Phill Price tries out a bi­pod for com­fort and ac­cu­racy in par­tic­u­lar hunt­ing con­di­tions

Is this sim­ple tool the key to ul­ti­mate ac­cu­racy? The editor asks

Air Gunner - - Contents -

In the search for ul­ti­mate hunt­ing ac­cu­racy, many peo­ple be­lieve that the hum­ble bi­pod is the an­swer. If you look at the world of long-range, cen­tre­fire shoot­ing and mil­i­tary snip­ing, they are king, but what does that mean to you and I look­ing at a rab­bit in a field 40 yards away? That’s a long shot for an airgun, and max­i­mum stability is what we need. Ly­ing flat on your belly with the gun sup­ported is a good place to be­gin, but it’s not with­out its draw­backs.

Bipods come in many shapes and sizes; some sim­ple, some com­pli­cated, but they all seek to achieve the same thing, which is to sup­port the front of your ri­fle above the ground. Some fold, some clip on; some are steel whilst some are plas­tic; some are very ex­pen­sive, and some are home­made. The key to un­der­stand­ing their per­for­mance is to try them and find out what works for you.

Ev­ery shooter’s body is unique and some peo­ple are very flex­i­ble whilst oth­ers are as stiff as a poker, so crank­ing your neck back to see through the scope might be very dif­fi­cult. My neck was dam­aged in a mo­tor­bike ac­ci­dent when I was 22, so although I can use a bi­pod, I be­come very un­com­fort­able if I stay on aim too long. The sec­ond draw­back I find is that any veg­e­ta­tion can be­come a bar­rier between you and your quarry, and in the sum­mer months when the rab­bit pop­u­la­tion ex­plodes, the grass and weeds are at their tallest, so us­ing a bi­pod any­where other than a well- grazed pad­dock can be im­pos­si­ble.

Har­ris clas­sic

I own one of the many copies of the clas­sic Har­ris bi­pod that has been the sta­ple of the ri­fle-shoot­ing in­dus­try for decades. It clamps onto the sling swivel stud in the fore end of my ri­fle’s stock, for a safe and sturdy con­nec­tion. I’m pleased to re­port that it has a built-in stud that my sling swivel can at­tach to, so I can still carry the ri­fle on my shoul­der. The legs are ad­justable from 9 to 14½” and the cra­dle that snug­gles up to the stock has slim rub­ber pads that pre­vent dam­age to the fin­ish. It’s ro­bust and well made, so de­spite my ap­palling lack of main­te­nance, it’s lasted well and looks like it has plenty of good ser­vice ahead of it.

The build is rugged, verg­ing on agri­cul­tural, but the fact that they’ve been so pop­u­lar for so long across all ri­fle sports, speaks vol­umes. Per­haps it’s the use of strong met­als in gen­er­ous quan­ti­ties that’s the key to its suc­cess. It looks like some­thing the mil­i­tary would de­sign.

The cra­dle has a tilt mech­a­nism that al­lows us to hold the ri­fle per­fectly ver­ti­cal, even when the feet of the bi­pod are on un­even ground, and this is a very im­por­tant fea­ture that any buyer should look for. It in­cor­po­rates a fric­tion de­vice that you set man­u­ally, so left-to-right move­ment is pos­si­ble, but wob­ble is re­duced. Tip­ping the ri­fle to one side or the other is known as ‘cant’ and is re­spon­si­ble for many misses, so be­ing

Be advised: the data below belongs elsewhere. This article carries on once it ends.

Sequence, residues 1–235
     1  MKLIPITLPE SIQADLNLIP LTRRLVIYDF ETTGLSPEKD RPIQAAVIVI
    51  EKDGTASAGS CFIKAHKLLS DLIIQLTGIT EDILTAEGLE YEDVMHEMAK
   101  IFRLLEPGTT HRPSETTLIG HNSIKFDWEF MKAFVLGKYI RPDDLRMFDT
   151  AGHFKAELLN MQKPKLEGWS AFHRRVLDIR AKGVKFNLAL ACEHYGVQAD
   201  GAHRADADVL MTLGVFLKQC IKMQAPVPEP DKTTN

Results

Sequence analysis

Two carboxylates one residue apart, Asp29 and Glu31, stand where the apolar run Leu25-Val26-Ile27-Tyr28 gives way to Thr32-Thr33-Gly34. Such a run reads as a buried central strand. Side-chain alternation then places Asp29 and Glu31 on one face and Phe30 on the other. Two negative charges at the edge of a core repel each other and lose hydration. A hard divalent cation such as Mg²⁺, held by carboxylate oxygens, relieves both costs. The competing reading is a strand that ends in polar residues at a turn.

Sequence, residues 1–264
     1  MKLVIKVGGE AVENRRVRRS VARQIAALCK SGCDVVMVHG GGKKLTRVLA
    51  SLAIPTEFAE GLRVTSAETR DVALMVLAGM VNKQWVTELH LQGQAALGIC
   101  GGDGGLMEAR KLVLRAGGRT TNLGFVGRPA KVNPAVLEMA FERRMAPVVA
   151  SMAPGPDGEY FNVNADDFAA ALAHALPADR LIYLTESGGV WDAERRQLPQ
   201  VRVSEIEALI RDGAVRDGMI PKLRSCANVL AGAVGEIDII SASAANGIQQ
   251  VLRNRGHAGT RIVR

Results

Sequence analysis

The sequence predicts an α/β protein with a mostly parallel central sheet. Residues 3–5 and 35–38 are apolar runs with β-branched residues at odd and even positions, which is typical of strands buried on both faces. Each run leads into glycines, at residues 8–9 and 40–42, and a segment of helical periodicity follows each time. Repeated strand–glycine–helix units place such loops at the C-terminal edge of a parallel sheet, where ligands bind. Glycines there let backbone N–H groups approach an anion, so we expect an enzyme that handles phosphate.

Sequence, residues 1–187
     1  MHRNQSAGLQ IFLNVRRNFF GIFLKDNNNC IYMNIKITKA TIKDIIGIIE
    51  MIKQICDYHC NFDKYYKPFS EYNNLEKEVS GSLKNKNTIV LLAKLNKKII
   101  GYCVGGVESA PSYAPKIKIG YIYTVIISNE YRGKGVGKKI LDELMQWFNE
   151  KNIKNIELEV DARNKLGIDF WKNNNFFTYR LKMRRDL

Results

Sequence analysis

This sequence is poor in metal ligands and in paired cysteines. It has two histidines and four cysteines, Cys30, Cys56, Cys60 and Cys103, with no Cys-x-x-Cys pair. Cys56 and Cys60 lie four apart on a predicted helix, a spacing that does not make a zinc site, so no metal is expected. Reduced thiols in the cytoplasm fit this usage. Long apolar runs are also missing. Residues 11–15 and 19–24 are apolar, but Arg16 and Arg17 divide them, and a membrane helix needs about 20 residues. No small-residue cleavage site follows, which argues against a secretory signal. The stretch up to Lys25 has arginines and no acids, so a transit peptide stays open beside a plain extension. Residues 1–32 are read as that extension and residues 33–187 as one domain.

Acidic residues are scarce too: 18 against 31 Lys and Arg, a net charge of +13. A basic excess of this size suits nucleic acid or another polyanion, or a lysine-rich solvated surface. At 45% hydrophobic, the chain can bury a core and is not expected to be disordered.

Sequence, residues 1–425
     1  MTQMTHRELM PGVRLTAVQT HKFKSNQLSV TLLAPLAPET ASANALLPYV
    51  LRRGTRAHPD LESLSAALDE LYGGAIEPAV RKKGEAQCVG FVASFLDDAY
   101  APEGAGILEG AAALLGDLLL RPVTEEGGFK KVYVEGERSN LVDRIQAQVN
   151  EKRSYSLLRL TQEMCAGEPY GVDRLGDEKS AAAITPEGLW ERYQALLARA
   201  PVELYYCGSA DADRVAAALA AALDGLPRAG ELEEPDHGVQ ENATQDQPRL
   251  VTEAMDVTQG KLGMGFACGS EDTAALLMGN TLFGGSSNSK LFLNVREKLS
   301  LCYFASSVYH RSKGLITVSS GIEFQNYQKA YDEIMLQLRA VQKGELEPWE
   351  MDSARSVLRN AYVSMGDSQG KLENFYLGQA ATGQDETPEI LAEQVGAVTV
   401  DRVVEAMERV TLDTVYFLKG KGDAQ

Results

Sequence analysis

“the fact that they’ve been so pop­u­lar for so long across all ri­fle sports, speaks vol­umes”

able to avoid it should be well to­ward the top of your list of re­quire­ments.

Get­ting stiff

As I get older and less flex­i­ble, I’ve be­come more in­ter­ested in bipods with longer legs that can be used from the sit­ting po­si­tion. This al­lows us to keep our neck in a more nat­u­ral and less un­com­fort­able stance, which in turn al­lows us to stay in po­si­tion longer when wait­ing for quarry to show.

John Roth­ery Whole­sale has a 13 to 23” model that I hoped would let me sit with my back to a tree or fence with the ri­fle on aim, so re­main­ing rea­son­ably com­fort­able. It fol­lows all the other copies of the orig­i­nal Har­ris, which bodes well. What I needed to know was, could I get set­tled for a long pe­riod, and more im­por­tantly, re­main sta­ble on aim?

With the legs fully ex­tended, I still needed to squash down a lit­tle bit to get onto the scope prop­erly, but once there the stability was ex­cel­lent. I spent some time plink­ing the heads off dan­de­lions in a pad­dock and my hit rate was very good. Of course, longer legs add weight and make it rather un­wieldy to carry, but I see this as a spe­cial-purpose item. For me, it would be ideal for those times when I’m go­ing to set­tle in and watch an area like a busy rab­bit warren, or wait­ing for pi­geons over de­coys. Be­ing able to sit rather than need­ing to lie down means that I’ll be able to stay ready for longer pe­ri­ods, and that can be the dif­fer­ence between suc­cess and fail­ure. This is another tool in my ar­moury that will im­prove my bags on spe­cific hunts.

“I still needed to squash down a lit­tle bit to get onto the scope prop­erly, but once there the stability was ex­cel­lent”

Main: My usual bi­pod (right) looks tiny by com­par­i­son

Be­low: Set at the short­est length, it was still per­fectly us­able from prone

Above: A field tar­get sit­ting po­si­tion com­bined with the long bi­pod was very sta­ble

Be­low: There’s no mis­tak­ing that this is the long-leg ver­sion

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